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Re: a or b or both - mystery..
- From: Joe English <email@example.com>
- To: firstname.lastname@example.org
- Date: Tue, 17 Apr 2001 07:50:04 -0700
Marcus Carr wrote:
> My understanding was that the requirement for deterministic
> models was a concession made to those who were writing parsers
> at the expense of those who were creating DTDs.
A more important reason is that, in SGML, the rules for
when start-tags may be omitted don't make any sense unless
content models are deterministic.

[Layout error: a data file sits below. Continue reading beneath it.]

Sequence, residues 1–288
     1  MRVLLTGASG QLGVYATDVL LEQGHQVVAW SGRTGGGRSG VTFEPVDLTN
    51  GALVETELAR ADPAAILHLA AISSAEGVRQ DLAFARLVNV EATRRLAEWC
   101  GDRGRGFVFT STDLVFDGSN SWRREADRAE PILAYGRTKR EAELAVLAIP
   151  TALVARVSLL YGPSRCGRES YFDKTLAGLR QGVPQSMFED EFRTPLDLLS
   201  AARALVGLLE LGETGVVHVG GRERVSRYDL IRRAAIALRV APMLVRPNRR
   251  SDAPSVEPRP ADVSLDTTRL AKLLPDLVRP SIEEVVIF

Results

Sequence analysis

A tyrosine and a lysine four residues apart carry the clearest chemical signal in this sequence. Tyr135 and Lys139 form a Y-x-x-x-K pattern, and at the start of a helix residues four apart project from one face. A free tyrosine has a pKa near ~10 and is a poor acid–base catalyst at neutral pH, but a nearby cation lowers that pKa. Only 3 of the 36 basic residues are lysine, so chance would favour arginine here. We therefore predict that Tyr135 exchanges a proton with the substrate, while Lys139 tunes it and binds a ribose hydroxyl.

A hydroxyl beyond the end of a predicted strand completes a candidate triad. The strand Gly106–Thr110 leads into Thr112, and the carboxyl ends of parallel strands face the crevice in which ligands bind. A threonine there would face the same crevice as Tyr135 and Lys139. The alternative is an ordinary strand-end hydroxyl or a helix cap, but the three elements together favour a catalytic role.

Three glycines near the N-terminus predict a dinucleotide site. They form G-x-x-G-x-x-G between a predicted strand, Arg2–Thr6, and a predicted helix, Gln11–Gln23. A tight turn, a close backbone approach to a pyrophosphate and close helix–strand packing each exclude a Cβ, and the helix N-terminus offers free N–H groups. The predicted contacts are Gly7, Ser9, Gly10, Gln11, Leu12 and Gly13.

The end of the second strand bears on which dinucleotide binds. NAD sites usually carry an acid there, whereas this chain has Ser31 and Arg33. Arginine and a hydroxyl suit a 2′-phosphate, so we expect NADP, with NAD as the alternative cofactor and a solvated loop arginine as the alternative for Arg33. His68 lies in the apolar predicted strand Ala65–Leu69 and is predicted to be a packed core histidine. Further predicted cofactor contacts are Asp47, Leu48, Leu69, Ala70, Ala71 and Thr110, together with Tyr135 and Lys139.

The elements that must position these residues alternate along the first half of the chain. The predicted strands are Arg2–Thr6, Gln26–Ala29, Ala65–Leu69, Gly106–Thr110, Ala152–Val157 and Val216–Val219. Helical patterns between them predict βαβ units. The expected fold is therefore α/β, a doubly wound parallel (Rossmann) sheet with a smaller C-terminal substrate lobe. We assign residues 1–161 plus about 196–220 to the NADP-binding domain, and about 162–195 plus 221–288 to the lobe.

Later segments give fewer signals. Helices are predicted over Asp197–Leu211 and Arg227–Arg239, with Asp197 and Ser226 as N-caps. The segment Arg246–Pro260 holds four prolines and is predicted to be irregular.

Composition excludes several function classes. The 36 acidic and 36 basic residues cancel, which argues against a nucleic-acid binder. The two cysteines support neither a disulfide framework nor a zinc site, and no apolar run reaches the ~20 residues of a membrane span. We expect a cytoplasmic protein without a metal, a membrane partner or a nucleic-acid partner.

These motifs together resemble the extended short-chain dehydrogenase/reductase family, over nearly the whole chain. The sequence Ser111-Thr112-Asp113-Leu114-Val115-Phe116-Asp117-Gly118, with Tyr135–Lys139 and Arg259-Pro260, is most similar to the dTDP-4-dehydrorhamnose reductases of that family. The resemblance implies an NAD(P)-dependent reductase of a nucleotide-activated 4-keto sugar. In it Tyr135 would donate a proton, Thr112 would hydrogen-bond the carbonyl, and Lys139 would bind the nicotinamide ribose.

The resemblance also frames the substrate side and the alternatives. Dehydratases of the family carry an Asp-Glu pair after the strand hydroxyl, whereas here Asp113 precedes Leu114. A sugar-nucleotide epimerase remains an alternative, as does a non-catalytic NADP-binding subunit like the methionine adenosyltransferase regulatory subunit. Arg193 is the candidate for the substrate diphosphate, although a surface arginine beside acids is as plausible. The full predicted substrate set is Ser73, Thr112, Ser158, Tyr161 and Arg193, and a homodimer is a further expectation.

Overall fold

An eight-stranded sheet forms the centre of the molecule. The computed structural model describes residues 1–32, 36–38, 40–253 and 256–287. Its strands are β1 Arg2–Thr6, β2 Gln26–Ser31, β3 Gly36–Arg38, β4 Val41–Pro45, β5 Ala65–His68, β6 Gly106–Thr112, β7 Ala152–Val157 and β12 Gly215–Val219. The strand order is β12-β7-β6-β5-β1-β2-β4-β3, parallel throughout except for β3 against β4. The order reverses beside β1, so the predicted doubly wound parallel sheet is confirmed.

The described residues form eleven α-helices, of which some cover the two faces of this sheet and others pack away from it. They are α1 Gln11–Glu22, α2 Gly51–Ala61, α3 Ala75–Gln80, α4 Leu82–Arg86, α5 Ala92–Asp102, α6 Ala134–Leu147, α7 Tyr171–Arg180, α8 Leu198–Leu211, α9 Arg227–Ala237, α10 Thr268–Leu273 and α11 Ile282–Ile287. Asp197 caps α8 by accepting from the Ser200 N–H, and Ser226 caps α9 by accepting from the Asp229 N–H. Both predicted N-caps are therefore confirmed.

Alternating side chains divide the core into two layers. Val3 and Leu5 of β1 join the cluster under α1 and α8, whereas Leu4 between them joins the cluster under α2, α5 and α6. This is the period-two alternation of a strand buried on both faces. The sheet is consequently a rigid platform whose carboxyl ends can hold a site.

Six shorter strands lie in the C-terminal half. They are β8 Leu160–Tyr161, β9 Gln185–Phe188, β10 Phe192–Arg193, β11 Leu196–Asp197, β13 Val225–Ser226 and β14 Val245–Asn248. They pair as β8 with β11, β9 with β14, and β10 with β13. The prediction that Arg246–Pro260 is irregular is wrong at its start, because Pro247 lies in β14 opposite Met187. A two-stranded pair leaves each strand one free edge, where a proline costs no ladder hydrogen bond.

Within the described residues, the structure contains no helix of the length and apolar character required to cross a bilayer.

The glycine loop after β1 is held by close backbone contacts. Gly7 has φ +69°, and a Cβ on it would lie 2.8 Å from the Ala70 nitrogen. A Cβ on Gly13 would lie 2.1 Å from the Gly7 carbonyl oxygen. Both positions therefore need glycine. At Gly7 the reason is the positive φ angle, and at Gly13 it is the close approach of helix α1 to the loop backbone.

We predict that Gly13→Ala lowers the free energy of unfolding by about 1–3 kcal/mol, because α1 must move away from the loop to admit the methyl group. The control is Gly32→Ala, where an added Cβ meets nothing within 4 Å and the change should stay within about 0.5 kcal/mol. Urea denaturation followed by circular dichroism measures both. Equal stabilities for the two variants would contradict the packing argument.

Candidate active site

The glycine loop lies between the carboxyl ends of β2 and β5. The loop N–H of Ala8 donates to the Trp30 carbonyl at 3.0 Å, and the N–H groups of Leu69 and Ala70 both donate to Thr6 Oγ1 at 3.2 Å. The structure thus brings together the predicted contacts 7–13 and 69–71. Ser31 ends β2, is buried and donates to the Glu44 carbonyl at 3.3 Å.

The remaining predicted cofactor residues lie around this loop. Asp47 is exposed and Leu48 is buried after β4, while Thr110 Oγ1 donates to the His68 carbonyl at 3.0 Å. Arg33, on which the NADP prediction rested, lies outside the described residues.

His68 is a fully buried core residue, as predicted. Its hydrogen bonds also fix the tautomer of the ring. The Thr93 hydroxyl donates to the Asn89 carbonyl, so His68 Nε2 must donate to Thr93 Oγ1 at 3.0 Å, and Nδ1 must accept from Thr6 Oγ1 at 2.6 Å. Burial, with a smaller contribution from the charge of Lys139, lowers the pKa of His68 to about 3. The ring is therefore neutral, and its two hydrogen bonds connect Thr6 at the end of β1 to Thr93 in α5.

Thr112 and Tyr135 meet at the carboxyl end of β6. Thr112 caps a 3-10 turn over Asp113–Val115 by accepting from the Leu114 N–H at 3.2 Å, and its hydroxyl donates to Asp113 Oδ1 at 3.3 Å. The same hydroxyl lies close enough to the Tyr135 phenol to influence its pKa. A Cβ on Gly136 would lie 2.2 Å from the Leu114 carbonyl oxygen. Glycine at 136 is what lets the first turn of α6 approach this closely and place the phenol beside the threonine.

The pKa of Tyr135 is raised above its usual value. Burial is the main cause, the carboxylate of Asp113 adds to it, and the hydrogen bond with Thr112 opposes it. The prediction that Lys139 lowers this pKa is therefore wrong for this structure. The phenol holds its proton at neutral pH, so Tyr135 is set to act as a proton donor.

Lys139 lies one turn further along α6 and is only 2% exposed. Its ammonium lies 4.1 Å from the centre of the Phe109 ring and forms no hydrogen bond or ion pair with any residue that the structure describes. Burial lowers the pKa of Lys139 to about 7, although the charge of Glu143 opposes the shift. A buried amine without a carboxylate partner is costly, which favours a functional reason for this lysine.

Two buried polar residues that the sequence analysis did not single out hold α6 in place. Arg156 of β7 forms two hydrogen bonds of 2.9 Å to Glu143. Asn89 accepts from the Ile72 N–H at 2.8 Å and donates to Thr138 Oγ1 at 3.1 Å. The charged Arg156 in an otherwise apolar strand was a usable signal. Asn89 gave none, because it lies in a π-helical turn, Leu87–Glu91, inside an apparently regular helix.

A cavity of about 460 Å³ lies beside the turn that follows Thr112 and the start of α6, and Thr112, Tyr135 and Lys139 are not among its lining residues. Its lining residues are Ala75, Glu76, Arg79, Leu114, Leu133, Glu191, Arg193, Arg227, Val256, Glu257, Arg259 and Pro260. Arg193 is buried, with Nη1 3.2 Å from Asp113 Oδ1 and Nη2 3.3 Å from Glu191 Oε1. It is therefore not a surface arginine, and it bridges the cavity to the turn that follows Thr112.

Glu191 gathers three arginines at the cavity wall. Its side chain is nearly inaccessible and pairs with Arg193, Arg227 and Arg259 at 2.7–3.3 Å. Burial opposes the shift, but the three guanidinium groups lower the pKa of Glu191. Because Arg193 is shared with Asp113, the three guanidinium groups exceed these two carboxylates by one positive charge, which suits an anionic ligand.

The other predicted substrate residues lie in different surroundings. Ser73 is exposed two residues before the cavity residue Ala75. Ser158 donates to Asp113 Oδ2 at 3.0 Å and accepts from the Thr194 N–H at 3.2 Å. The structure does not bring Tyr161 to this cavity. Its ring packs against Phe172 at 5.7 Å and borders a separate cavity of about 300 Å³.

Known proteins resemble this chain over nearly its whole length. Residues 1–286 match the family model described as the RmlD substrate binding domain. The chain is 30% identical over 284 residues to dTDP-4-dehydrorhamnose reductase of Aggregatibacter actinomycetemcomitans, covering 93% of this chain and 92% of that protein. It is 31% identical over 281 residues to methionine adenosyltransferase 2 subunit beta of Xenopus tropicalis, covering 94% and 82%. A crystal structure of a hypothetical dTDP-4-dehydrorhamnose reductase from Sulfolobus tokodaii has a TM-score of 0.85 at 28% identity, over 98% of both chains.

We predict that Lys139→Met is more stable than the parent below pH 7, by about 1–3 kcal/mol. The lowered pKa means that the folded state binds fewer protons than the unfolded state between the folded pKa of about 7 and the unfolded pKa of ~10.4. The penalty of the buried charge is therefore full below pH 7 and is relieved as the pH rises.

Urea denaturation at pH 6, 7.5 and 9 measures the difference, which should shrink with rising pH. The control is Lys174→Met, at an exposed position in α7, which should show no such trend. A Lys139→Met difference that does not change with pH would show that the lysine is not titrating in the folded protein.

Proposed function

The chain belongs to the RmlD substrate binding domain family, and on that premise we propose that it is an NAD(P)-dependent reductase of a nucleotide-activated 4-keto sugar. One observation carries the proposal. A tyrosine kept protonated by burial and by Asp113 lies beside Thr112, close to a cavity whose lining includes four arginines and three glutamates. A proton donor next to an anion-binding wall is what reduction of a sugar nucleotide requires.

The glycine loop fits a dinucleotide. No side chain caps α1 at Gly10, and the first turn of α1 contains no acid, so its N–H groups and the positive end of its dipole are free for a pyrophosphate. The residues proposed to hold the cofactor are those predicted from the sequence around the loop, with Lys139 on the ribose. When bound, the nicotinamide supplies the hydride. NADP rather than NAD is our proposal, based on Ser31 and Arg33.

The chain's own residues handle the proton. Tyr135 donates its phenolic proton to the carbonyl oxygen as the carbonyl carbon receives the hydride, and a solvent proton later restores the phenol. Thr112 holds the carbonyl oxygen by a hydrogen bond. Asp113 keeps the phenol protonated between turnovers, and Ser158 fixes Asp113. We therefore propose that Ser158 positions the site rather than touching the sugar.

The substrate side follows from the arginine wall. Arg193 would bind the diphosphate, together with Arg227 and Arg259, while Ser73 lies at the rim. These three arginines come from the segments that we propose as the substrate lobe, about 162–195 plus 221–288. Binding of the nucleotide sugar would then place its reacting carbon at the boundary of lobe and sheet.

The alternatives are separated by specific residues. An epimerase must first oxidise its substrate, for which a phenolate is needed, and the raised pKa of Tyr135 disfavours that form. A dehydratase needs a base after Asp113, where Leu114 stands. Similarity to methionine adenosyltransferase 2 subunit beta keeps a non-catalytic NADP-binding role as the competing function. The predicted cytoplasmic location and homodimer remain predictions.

(There is a way to rephrase the rules for start-tag
omissibility that avoids this, but I don't think it will
ever make it into a revision of the SGML Standard.)
At any rate, there's really no need to retain the restriction
in XML Schemas. The argument that it makes it easier
on parser authors is IMO bogus; there are *plenty*
of well-known, simple algorithms for RE matching that
have no problem with nondeterministic expressions.
A somewhat more compelling argument is that it's easier
for *human beings* to understand deterministic content models,
but that's better left to the discretion of Schema authors.
> There's only one structure that I know of where deterministic models are
> unable to express the desire of the author, but a case can certainly be
> made that non-deterministic models might be more convenient in some cases.
Which structure is that?